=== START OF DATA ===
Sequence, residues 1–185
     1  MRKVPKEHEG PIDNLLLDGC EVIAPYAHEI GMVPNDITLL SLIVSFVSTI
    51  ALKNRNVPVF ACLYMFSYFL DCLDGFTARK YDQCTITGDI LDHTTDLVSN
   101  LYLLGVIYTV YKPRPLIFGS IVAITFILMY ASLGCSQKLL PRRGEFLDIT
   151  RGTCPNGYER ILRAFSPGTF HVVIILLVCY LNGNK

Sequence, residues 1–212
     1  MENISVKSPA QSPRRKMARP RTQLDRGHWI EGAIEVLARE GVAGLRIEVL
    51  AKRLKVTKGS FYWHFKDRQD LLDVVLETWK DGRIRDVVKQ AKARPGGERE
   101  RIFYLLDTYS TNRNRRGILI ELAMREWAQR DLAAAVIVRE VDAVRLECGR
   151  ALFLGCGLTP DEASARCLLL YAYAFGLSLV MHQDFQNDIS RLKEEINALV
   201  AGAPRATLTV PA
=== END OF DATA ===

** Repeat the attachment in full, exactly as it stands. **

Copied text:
Sequence, residues 1–185
     1  MRKVPKEHEG PIDNLLLDGC EVIAPYAHEI GMVPNDITLL SLIVSFVSTI
    51  ALKNRNVPVF ACLYMFSYFL DCLDGFTARK YDQCTITGDI LDHTTDLVSN
   101  LYLLGVIYTV YKPRPLIFGS IVAITFILMY ASLGCSQKLL PRRGEFLDIT
   151  RGTCPNGYER ILRAFSPGTF HVVIILLVCY LNGNK

Sequence, residues 1–212
     1  MENISVKSPA QSPRRKMARP RTQLDRGHWI EGAIEVLARE GVAGLRIEVL
    51  AKRLKVTKGS FYWHFKDRQD LLDVVLETWK DGRIRDVVKQ AKARPGGERE
   101  RIFYLLDTYS TNRNRRGILI ELAMREWAQR DLAAAVIVRE VDAVRLECGR
   151  ALFLGCGLTP DEASARCLLL YAYAFGLSLV MHQDFQNDIS RLKEEINALV
   201  AGAPRATLTV PA